Shana Tova from the Clergy

The joke always goes ‘Rabbi / Hazzan, Rosh Hashanah is so early (or late) this year.’ Of course Rosh Hashanah is never early or late. The holiday is always the first of Tishrei. Maybe it is September which keeps moving?

The ‘early or late’ dilemma makes sense from the usual mileposts of time we commonly use – Labor Day, schools beginning, and shifts in weather. For the next four weeks though, Judaism asks us to shift how we organize time. Aware of the hectic schedules and demands of our lives, Judaism is giving us a gift of re-organizing time. In the weeks ahead, we can incorporate into our lives the spiritual moments these beautiful holidays offer. Continue reading →

Posted by Rabbi Greg Harris in Hazzan Asa Fradkin, Rabbi Fabián Werbin, Rabbi Greg Harris, 0 comments

Welcoming a Refugee Family

Throughout the Torah, the Israelites are reminded “you know the feelings of a stranger, for you were strangers in the land of Egypt” (Ex 23:9)  Thirty-six times in the Torah and throughout our rituals, we are reminded of our ancestors’ hardships in Egypt.  These reminders are prompts for us to extend kindness and welcome others in need.

In close partnership with our friends at Bethesda United Methodist Church and Saint Mark Presbyterian Church, we are excited to be able to fulfill this special mitzvah.  In two weeks, we will welcome a refugee family into our communities.

Continue reading →

Posted by Rabbi Greg Harris, 4 comments

Unicorns in the Hebraic Section of the Library of Congress

The Reading Room at the Jefferson Building of the Library of Congress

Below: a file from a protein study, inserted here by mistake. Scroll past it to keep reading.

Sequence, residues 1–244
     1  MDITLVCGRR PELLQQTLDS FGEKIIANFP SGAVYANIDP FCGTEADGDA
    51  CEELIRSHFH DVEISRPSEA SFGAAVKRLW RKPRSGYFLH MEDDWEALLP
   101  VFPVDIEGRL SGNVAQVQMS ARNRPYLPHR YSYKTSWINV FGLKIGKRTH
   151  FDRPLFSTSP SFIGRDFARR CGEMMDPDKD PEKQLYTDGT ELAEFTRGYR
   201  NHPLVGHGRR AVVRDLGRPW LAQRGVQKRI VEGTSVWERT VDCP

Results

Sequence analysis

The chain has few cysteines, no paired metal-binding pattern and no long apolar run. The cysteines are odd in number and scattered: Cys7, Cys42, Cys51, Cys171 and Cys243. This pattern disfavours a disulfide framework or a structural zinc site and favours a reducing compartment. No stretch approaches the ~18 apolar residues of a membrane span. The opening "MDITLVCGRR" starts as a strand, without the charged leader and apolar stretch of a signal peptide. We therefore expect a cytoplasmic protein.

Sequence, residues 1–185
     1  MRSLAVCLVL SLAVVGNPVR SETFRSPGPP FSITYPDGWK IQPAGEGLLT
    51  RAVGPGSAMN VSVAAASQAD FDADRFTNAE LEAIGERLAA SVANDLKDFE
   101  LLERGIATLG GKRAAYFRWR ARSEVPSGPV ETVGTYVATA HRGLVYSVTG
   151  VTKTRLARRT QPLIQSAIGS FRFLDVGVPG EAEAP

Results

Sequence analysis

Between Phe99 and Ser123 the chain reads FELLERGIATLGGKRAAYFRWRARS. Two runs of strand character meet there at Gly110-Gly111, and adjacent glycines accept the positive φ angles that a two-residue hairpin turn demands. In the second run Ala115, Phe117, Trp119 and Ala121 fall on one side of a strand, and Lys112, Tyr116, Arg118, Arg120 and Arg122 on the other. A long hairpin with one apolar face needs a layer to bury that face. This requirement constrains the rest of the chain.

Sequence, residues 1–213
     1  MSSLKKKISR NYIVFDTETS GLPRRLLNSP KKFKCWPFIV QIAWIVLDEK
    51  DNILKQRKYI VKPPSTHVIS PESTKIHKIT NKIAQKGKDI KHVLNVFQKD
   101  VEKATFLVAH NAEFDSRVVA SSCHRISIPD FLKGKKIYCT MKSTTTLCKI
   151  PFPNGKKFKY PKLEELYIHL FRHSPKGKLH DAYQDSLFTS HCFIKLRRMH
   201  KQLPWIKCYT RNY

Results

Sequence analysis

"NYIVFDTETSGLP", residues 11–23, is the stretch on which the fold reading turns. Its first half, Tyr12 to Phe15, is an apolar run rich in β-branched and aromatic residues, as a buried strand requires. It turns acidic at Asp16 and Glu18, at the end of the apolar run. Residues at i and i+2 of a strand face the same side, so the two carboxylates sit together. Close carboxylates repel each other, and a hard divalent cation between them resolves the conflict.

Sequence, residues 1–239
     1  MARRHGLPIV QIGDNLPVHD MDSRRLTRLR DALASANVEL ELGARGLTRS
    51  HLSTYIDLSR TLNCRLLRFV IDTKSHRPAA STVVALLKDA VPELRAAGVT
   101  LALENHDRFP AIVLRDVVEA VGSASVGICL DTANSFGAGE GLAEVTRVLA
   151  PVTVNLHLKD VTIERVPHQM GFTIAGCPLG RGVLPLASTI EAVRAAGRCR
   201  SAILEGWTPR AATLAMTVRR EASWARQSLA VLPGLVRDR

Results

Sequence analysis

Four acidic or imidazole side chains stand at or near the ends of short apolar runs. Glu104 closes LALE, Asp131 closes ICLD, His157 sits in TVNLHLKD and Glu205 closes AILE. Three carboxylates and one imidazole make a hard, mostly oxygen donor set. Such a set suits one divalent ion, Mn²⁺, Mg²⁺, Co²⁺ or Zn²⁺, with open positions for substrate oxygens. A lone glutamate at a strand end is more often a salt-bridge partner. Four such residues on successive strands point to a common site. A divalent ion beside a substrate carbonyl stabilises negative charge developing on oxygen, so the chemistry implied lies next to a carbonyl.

One of my favorite places in all of Washington, D.C. is the Library of Congress.  My first visit was in 1981 and it has been a recurring joy and fascination for me ever since.  While on sabbatical a number of years ago, I chose to immerse myself within the riches of the Library’s Hebraic Section.  Below is a fascinating blog by Dr. Anchi Hoh, about unicorns (seriously) hidden within the library stacks.

This week is the fourth week of the month. For Reflections Off the Bimah, the fourth week features thought leaders drawn from throughout the Jewish world. These special posts give you the opportunity to consider important opinions you may not readily encounter.

Continue reading →

Posted by Rabbi Greg Harris in Guest Post, Rabbi Greg Harris, 1 comment

Visiting the Sick

There is a passage of the Talmud (Sota 14a) that always caught my attention and I am happy to share its beginning and end with you.

“R. Chama b. R. Chanina said: What is the meaning of the verse, “You shall walk after HaShem your God” (Deut. 13,5).  Is it possible for one to walk after the Presence?  Is it not written, “HaShem your God is a devouring fire” (Deut. 4,24)?  Rather, it means, follow in God’s ways:

Just as Hashem clothes the naked, as is it is written, “HaShem God made for Adam and his wife coats of skins and clothed them” (Gen. 4:21) – so you too clothe the naked;

God buried the dead, as it is written, “He buried him in the valley (Deut. 34:6) – so you too bury the dead.”